In the early 1930s a 21-year-old undergraduate at the London School of Economics asked a great question during his summer research project: “if my economics professors are right that markets are an efficient way to allocate resources, then why do firms exist?”
To put it another way, why would an entrepreneur go to the effort of building a company and buying things “in house” rather than just buying them in the market?
That student, Ronald Coase, would go on to win a Nobel prize for his contribution to answering this question.
He suggested markets have the great virtue of the price mechanism, which communicate information about economic fundamentals (like what consumers value) and balances supply and demand. But there are “transaction costs”, and sometimes haggling in the market can be less efficient than, say, a manager simply telling her employees what she wants done.
These insights point to the fundamental problems with Austalia’s university sector in 2020.
We have about 40 “firms” that, as far as domestic undergraduates are concerned, don’t set their own prices, don’t set their own quantities (i.e. the number of students they accept) and are regulated not by the invisible hand of the market but the federal government’s Tertiary Education Quality and Standards Agency.
At the same time universities compete in an international marketplace for both students and staff.
This leads to the worst of all worlds. The sector has many of the downsides but none of the benefits of market competition. They are not in control of their own destiny.
The recent round of federal government reform attempts – encouraging students to pursue “job-ready” qualifications by slashing the price of courses such as mathematics, agriculture and nursing while doubling those such as humanities and communications – is incrementalism likely doomed to failure.
There is pressing need for more significant reform.
A crisis that was always coming
Perhaps the place to begin is to acknowledge that both the university sector and the government have legitimate gripes with the current funding model.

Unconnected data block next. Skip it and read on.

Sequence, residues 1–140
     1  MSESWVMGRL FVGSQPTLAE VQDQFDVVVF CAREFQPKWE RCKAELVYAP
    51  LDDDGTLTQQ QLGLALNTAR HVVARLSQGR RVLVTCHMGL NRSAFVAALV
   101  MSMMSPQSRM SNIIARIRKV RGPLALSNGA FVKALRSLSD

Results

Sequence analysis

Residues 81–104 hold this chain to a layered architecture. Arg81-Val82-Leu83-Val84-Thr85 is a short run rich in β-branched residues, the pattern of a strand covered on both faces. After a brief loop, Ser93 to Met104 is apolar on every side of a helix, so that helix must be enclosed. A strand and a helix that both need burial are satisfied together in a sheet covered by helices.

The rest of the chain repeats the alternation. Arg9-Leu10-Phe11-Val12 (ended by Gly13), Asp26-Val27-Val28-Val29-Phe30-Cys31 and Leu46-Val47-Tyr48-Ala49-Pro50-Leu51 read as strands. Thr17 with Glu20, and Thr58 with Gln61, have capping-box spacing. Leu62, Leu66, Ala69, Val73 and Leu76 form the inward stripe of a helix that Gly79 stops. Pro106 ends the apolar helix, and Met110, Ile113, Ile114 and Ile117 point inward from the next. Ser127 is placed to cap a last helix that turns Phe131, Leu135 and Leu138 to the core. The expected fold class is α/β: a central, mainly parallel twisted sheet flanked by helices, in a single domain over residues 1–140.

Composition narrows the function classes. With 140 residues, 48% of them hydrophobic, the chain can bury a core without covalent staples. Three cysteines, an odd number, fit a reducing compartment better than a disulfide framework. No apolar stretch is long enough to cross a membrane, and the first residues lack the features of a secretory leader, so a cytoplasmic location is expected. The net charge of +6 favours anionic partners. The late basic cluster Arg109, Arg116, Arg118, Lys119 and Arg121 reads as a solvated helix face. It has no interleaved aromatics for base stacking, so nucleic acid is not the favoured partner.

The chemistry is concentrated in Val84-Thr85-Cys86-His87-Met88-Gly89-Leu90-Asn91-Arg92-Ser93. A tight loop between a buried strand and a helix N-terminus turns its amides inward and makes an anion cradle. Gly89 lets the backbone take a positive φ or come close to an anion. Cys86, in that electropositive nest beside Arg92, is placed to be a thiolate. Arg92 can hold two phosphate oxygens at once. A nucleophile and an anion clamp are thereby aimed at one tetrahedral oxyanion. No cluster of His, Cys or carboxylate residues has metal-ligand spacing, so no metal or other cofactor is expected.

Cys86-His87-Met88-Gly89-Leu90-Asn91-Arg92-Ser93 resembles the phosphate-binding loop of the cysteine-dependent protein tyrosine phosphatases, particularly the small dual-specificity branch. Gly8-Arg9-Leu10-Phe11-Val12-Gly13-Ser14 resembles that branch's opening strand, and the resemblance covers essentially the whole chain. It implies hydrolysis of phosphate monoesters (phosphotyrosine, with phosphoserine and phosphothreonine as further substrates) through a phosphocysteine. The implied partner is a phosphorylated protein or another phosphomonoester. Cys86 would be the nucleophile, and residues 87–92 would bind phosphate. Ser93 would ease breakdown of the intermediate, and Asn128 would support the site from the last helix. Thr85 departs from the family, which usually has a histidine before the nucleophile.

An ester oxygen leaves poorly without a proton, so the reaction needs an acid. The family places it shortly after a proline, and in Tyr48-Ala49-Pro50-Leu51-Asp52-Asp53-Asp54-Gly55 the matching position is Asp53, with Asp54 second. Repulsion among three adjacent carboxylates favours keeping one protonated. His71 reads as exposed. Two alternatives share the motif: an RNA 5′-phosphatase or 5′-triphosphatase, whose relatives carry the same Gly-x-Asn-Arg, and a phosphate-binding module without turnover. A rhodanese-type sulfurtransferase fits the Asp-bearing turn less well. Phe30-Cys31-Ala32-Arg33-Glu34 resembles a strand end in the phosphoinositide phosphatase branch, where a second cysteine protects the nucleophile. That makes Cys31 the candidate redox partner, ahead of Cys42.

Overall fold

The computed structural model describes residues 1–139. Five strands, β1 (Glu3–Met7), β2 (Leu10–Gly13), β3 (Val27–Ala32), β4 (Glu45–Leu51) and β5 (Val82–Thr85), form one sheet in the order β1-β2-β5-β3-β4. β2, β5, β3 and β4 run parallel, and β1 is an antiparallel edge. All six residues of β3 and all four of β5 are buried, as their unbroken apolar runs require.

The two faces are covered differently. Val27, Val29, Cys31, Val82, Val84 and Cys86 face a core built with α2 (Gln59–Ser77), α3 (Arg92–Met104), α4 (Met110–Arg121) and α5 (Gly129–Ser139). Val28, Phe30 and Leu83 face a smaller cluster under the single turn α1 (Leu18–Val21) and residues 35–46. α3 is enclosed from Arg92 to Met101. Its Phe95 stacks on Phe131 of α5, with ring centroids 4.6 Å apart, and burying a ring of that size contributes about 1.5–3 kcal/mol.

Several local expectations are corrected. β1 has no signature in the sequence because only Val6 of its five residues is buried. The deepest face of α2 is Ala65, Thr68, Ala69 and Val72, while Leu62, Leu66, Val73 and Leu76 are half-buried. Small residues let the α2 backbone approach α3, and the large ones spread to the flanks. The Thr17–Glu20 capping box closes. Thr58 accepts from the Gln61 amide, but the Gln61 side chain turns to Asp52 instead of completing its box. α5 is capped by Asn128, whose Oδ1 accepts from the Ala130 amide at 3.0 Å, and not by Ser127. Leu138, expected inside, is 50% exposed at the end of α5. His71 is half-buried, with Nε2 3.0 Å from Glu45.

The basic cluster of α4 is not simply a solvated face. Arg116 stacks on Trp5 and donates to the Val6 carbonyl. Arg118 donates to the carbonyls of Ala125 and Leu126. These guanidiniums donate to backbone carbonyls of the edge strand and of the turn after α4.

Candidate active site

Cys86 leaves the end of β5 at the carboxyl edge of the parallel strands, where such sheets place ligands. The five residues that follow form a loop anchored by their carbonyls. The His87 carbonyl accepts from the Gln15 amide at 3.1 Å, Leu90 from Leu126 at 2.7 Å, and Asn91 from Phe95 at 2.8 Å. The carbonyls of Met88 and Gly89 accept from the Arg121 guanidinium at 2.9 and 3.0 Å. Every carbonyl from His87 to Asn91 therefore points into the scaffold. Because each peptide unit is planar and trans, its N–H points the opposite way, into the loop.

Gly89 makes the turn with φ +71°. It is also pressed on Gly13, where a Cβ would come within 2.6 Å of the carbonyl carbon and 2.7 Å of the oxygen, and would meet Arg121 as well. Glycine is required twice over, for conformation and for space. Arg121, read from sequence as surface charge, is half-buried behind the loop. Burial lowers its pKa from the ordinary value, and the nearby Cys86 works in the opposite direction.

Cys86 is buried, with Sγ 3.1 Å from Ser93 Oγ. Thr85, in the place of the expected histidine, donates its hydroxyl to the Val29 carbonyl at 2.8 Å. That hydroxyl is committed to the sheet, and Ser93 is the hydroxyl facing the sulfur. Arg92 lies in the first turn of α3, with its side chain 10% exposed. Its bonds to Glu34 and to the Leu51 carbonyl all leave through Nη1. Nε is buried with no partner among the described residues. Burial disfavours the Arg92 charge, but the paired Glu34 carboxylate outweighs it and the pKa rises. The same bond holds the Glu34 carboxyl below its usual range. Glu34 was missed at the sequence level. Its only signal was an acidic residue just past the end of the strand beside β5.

Universities can point to a host of perverse incentives – creating unintended negative consequences contrary to what was intended – embedded in the system. In particular, it has encouraged universities to chase full fee-paying international students to cross-subsidise Australian students.
The funding universities receive for domestic undergraduates is insufficient to provide them a world-class education. Research is also underfunded. This has left universities with no choice but to enrol large numbers of foreign students, paying market prices for their education.
The government argues universities might not be preparing students as well as they could for the job market – with too few graduating with the skills the economy demands and too many pursuing degrees in fields they are unlikely to find employment.
To all these points there are responses. I could tell you, for instance, that in nine years at UNSW Sydney I have seen the quality of undergraduates I teach get even better, not worse. But this back and forth rather misses the point.
COVID-19 has simply accelerated a crisis in university funding that was always coming.
There has always been the risk of the Chinese government simply turning off the tap. China has done so to other countries, such as Taiwan in 2017, when it halved the number of students permitted to study there to just 1,000.
In February 2018, Clive Hamilton and others warned about dependence on Chinese students after China issued a “Study Abroad Alert” about Australia being unsafe for Chinese students.
Two major reforms needed
We need two things.
First, removing the perverse incentives of cross-subsidies in the system.
This will require domestic students paying more for their education through the HECS-HELP loan system. Our “Group of Eight” universities can’t keep charging a quarter of what institutions like Boston University or the University of California San Diego charge and deliver a world-class undergraduate experience. It will also require funding research properly, in part by linking universities and industry more closely.
Second, we need to allow and encourage universities to specialise more. Not every institution needs to be doing research in particle physics, for example. Indeed, not every university needs to being doing research at all.
Universities focusing more on their comparative advantage, in research or teaching, would enable research dollars to be better targeted.
Nor should we continue to insist that all universities charge the same price to students for the same subject matter. Students should be allowed to be the arbiters of what good education looks like, rather than an Excel spreadsheet in Canberra making that determination.
When we come out of COVID-19, economic growth will be at more of a premium than ever before, and harder to come by. Economists have long emphasised the crucial role of human capital and “ideas” developed through research in driving economic growth. We need a high-quality, well-functioning university sector.
Rather than bicker about incremental changes to the system, we need a grand bargain between universities and government that fundamentally reforms the sector. The future of young Australians, and our economy, depends on it.